hispanic

I’m a Puerto Rican in San Francisco

A Puerto Rican in San Francisco

Do you know the song by Sting called “Englishman in New York.”  It’s a pop Jazz wannabe fusion melody.  Admittedly, it is a little catchy but would be wholeheartedly out of place nowadays with its phrases such as “I’m a legal alien.”  Nonetheless, despite all those things working against the song, I have found myself humming it.  I substitute in, although not in a great melodic way, the word Puerto Rican and San Francisco. It doesn’t really fit into the beat and is rather clumsy. However, it does capture my sense of being these days.

In New York, there is such a thing as a Nuyorican which is a hybrid Puerto Rican that is a New Yorker.  Such a term signals that Puerto Ricans are not a rarity in New York. They are quite the contrary.  We are everywhere and have political power.   As a Puerto Rican in New York, I feel quite comfortable and at home in New York.  Now, go cross country to California and that is a whole different story.

I have been in California before. I was there for five years.  My very first week, I went to the Department of Motor Vehicles and presented my birth certificate and that caused quite the tizzy there wherein a flock of managers came together to discuss the status of Puerto Rico. I sadly had to keep explaining to them that Puerto Ricans are automatic citizens just like anybody born in any of the 50 states.  They eventually conceded what is known in the law to be true and issued my identification card. That was my welcome to California and will never forget it. They are so used to the Hispanic population consisting mainly of Mexicans that they don’t understand that Hispanics do come in non-Mexican form.

When people see me for the first time, I annoyingly often get asked “what are you?”  To which I then have to play the obligatory annoying game of “what do you mean ‘what am I’?”  I make people spell out what they mean by that question. Do they mean, career-wise? Do they mean, state-wise? What do they mean by asking me what I am?

In California, my looks throw them for a loop. I don’t look Mexican yet I have a Hispanic surname.  Often, as a result, people guess that I am either Indian, Ethiopian or Cape Verdean. Yes, that is how far out and random their guesses are.   This past week, when I used the word “habichuelas”  instead of “frijoles” the lady behind the counter guessed I was Venezuelan.  By the way “habichuelas”  and  “frijoles”  are types of beans that are cooked differently by Hispanics signaling where they are from. Frijoles are clearly Mexican. I do not eat frijoles. I don’t even eat habichuelas, but that is a whole other story.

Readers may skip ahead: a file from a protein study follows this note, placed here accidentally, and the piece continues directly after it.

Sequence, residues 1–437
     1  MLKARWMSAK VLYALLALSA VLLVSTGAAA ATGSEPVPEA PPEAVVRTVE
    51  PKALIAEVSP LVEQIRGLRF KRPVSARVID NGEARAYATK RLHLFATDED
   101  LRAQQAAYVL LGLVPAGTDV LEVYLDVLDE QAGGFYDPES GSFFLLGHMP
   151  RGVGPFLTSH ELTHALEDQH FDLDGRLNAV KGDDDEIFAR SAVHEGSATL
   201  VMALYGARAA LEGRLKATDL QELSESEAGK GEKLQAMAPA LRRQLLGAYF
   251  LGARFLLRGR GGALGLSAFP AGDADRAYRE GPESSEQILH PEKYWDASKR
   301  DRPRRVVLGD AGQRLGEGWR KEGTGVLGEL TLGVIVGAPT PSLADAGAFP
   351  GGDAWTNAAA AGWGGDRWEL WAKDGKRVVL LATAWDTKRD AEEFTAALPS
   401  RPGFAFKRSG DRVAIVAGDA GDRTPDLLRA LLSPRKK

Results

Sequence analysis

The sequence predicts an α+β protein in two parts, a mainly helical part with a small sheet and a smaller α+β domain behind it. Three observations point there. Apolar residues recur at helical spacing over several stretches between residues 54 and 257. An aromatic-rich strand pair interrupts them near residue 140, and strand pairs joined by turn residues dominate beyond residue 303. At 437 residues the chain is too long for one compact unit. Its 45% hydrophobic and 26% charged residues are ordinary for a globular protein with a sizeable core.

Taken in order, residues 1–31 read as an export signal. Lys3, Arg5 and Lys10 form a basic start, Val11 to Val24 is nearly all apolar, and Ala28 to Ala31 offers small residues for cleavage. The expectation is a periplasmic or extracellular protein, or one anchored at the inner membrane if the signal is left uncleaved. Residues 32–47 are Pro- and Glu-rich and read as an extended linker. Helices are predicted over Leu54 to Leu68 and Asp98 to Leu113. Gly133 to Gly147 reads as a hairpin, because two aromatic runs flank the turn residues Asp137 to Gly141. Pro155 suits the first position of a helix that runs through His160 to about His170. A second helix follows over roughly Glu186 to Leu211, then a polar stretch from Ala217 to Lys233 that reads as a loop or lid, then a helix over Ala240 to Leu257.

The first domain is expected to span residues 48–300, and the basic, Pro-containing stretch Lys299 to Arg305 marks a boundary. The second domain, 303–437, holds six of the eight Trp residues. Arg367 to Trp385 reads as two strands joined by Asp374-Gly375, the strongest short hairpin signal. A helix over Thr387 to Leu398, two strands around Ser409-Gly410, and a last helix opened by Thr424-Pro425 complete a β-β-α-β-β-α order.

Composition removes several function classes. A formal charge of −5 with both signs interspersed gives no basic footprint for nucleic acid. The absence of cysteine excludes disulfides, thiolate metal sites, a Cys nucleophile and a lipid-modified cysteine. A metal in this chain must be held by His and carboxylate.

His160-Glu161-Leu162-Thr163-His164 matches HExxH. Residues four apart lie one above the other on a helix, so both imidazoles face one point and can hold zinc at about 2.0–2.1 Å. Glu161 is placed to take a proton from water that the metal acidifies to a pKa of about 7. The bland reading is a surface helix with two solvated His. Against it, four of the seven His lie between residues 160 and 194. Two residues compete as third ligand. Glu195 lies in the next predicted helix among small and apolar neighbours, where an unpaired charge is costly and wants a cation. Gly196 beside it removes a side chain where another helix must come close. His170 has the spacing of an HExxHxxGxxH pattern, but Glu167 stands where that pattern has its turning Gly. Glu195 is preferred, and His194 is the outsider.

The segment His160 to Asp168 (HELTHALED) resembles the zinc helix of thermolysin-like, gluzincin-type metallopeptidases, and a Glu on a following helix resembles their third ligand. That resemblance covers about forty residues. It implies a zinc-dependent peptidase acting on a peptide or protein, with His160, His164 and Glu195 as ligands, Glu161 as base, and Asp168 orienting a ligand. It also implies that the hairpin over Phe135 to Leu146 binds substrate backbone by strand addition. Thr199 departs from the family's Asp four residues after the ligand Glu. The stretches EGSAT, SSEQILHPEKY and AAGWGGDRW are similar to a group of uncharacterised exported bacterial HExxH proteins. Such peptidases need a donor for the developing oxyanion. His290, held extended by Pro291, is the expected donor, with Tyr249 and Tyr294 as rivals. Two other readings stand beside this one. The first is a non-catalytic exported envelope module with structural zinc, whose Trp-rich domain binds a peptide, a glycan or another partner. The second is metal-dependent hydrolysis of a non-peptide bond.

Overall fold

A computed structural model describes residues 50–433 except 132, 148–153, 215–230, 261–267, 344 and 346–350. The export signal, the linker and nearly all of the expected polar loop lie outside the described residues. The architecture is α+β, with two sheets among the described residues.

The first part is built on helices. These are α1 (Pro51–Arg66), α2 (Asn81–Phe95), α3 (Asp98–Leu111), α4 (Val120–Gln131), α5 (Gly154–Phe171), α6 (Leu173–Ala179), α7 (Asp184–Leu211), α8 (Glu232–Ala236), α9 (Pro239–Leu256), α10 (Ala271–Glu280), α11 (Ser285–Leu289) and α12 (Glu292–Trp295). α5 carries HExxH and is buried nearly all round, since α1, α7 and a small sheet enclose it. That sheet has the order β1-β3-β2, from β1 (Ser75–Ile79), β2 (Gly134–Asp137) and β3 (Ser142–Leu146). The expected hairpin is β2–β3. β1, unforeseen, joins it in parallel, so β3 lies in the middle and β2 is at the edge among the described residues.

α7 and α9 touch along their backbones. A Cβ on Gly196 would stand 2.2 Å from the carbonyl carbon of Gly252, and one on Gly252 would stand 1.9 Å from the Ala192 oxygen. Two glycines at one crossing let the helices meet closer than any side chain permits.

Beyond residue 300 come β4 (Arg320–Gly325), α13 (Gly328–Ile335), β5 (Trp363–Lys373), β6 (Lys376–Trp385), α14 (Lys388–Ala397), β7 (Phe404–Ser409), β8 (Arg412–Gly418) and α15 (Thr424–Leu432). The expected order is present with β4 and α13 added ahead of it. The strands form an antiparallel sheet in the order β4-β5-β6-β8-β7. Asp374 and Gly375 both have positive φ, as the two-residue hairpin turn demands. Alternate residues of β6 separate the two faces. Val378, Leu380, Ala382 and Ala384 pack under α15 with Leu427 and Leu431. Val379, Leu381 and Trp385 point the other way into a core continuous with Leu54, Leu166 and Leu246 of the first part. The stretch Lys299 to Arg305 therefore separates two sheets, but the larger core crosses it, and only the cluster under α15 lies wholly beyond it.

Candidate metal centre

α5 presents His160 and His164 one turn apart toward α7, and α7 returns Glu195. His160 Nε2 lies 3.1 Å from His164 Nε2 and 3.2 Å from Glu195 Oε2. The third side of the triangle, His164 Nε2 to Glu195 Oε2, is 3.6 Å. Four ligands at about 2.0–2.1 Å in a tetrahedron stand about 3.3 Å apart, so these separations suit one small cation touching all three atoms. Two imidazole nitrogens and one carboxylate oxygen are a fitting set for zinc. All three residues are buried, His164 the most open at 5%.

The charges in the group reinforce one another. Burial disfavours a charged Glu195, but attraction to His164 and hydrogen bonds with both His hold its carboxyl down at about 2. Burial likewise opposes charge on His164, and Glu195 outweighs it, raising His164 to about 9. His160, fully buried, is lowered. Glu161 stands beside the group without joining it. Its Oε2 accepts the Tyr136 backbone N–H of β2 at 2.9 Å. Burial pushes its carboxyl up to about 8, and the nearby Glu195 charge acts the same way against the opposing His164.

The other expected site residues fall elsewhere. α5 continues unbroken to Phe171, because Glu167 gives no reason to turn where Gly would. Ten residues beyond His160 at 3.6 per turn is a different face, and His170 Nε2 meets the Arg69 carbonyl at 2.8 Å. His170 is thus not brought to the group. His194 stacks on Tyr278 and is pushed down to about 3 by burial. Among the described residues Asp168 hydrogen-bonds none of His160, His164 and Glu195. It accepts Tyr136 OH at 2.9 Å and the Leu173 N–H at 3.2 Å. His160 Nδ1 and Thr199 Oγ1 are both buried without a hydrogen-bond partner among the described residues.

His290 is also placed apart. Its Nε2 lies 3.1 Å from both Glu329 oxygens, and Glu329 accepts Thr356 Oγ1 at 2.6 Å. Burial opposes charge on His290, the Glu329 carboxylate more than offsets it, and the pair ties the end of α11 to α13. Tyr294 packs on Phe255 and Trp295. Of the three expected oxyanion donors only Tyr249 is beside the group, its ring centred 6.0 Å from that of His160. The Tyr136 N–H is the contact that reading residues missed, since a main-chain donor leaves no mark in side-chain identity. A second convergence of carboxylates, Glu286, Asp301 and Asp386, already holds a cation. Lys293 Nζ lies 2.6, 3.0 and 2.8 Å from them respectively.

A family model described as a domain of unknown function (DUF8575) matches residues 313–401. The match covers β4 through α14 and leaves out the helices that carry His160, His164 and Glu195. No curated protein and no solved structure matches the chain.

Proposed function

Food politics are strong here in California. Although, in all fairness, one sees that in New York as well. You know someone, for instance, is Dominican if they eat mangu for breakfast.   I eat pizza at times for breakfast.  What again does that make me?  Sigh.

I took an uber car the other day from a random island in the East Bay. There was only one uber car available and I got it. The driver was Puerto Rican. We laughed a lot at that randomness as Puerto Ricans are extremely rare in these parts. On Friday, I went to visit a colleague at his office and therein lo and behold was a Puerto Rican.   We hugged and I felt at home for a few seconds.  Of course, I didn’t bother telling him about my love/hate relationship with Puerto Rico. No need to muddy the “identification” waters any further. In particular, when there are not that many other Puerto Ricans around, it is best that I hug it out with all the few ones that I find and keep my familial issues at bay. Pun intended.